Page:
Henri Langlois: Phantom of the Cinematheque
Directed by Jacques Richard
CLAUDE BERRI, CLAUDE CHABROL, LOTTE EISNER, PHILIPPE GARREL, JEAN-LUC GODARD,ALFRED HITCHCOCK, MARY MEERSON, ERIC ROHMER, FRANCOIS TRUFFAUT, JACK VALENTI, AND MANY MANY MORE.
A "first rate documentary" (NY Post) and "a memoir of a lost kingdom" (Village Voice), Henri Langlois: Phantom of the Cinematheque celebrates the man who cultivated cinema's future by protecting its past. Langlois, in the words of grateful acolyte Jean-Luc Godard, "produced a way of seeing films" that inspired two generations of filmmakers and changed the medium itself.
For forty years, Henri Langlois presided over the Cinematheque Francaise with absolute commitment and unwavering passion. Beginning in 1936, Langloisi beg, borrow and steal hustling preserved the priceless treasures of an art form then still too new to be recognized as such. Through ad hoc screenings in Paris apartments, hallways and stairwells, the young Langlois shared his love for film art with the enthusiasm of an aesthetic epicure and the discerning appetite of a film gourmand. Under Nazi occupation, Langlois went underground, rescuing and secretly screening banned films under the noses of the SS. Through the halcyon 60's Langlois battled bureaucrats, championed auteurs and ushered in a new golden age of cinema where "life broke through the screen" and filmmaking and film-going merged into a single discipline.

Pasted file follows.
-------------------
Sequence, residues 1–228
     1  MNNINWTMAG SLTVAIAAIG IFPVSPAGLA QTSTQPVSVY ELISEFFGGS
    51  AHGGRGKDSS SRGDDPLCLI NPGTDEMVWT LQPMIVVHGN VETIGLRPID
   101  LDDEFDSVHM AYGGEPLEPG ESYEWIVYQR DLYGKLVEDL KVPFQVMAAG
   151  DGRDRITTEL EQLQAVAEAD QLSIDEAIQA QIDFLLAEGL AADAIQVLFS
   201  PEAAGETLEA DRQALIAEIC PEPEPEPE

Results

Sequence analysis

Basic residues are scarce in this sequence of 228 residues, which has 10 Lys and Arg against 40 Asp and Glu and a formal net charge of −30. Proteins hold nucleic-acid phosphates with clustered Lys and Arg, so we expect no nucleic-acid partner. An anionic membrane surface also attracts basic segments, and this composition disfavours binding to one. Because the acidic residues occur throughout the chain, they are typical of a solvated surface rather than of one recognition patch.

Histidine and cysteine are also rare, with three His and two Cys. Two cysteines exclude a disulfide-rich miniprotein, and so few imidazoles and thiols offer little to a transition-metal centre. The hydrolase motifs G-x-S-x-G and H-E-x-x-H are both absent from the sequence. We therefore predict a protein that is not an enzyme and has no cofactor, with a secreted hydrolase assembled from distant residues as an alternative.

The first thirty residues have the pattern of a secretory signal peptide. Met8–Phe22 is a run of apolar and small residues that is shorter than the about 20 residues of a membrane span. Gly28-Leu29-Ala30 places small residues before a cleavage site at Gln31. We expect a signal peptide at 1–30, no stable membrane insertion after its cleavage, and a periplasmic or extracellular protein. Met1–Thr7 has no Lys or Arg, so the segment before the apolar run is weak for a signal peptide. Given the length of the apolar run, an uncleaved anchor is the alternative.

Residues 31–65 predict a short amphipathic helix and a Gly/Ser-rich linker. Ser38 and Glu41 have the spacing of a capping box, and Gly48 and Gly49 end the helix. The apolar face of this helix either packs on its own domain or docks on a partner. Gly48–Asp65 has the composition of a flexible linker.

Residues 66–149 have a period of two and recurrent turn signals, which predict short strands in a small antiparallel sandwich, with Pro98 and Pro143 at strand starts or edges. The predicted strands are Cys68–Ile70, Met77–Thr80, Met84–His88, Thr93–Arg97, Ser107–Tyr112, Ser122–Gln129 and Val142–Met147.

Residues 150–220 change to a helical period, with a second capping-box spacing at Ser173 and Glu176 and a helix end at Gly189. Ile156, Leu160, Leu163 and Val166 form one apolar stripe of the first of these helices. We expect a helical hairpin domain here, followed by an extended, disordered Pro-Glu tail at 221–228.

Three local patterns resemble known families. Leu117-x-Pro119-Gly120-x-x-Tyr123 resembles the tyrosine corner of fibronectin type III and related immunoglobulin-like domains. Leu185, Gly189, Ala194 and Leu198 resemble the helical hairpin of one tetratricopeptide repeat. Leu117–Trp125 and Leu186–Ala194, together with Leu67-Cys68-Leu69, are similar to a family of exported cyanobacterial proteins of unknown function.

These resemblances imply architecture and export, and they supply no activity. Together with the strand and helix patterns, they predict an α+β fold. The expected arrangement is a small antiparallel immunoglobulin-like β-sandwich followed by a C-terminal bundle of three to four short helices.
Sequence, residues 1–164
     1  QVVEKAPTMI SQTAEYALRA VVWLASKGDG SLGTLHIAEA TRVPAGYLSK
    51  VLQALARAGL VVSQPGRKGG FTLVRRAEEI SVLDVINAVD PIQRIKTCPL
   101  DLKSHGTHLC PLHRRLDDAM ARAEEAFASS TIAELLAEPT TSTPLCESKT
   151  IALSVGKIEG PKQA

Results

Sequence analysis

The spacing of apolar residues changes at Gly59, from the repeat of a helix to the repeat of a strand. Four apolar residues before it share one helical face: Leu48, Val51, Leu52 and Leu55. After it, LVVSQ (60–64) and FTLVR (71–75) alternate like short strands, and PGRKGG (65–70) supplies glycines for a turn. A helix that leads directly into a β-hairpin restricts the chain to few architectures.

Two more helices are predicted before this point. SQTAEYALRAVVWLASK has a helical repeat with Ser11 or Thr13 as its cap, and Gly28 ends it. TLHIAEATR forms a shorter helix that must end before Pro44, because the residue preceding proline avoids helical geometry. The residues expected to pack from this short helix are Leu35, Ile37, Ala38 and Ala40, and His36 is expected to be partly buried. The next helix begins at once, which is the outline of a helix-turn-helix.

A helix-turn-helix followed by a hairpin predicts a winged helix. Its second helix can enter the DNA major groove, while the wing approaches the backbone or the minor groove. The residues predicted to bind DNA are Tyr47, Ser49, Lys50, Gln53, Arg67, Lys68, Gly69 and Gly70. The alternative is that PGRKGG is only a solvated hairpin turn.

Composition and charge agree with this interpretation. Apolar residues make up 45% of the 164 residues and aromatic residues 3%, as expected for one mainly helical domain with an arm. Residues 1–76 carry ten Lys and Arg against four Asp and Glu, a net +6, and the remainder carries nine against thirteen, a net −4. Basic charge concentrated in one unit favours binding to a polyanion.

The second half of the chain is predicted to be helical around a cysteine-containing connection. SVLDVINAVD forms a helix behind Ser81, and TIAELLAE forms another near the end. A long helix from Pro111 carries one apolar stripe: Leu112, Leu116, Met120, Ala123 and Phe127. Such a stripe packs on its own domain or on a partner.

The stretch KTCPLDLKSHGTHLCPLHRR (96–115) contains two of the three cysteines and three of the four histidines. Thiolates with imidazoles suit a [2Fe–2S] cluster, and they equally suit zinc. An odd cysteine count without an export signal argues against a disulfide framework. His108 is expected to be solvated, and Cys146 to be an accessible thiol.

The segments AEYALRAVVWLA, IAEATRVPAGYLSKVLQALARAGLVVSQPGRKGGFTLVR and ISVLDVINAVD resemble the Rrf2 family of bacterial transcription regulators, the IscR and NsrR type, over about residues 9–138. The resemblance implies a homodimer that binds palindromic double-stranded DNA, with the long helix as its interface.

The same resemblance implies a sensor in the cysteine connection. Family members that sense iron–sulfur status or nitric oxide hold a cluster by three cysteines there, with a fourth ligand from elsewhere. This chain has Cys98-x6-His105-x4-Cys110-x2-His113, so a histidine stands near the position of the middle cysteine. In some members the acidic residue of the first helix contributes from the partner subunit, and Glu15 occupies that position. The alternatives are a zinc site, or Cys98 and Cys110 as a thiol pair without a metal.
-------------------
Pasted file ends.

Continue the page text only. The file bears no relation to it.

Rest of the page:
Knitting together remarkable footage of Godard and Francois Truffaut defending the Cinematheque against a 1968 Paris riot squad, Langlois and Alfred Hitchcock sending-up the staid Legion D'honneur ceremony, and Langlois himself charismatically holding forth, Henri Langlois: Phantom of the Cinematheque is itself a treasure trove. A "fascinating film" (New York Times), it captures Langlois' life, loves, triumphs, and tragedies with candor and enduring affection.
"A MOVIEGOER'S TREAT AND A CINEPHILE'S DELIGHT!"- Michael Wilmington, CHICAGO TRIBUNE
"...took seven years to make and is worth every moment." Ã¯Â¿Â½ Kenneth Turan, LOS ANGELES TIMES
"...One of the most important figures in the history of film and therefore in the history of 20th-century art." - A. O. Scott, NEW YORK TIMES
* * * 1/2
In beg-borrow-steal fashion, the founder of Paris' CinÃƒÂ©mathÃƒÂ¨que FranÃƒÂ§aise hid films (often purloined) whose negatives the Nazis had ordered destroyed. And through brilliant repertory programming, Langlois almost alone created "film culture" at a time when many studios couldn't have cared less. But this mentally/physically rumpled genius also was a weak administrator, and when official France canned him during the student riots of 1968, filmmaker titans such as FranÃƒÂ§ois Truffaut, Jean-Luc Godard and Claude Chabrol (very good here in interviews) were so quick to rush to his defense that a bewildered Charles de Gaulle wondered just who this guy was. Cut down from its three-hour film-festival version, Phantom still runs more than two, which is what this great story takes.
Official selection Cannes Film Festival, Toronto Film Festival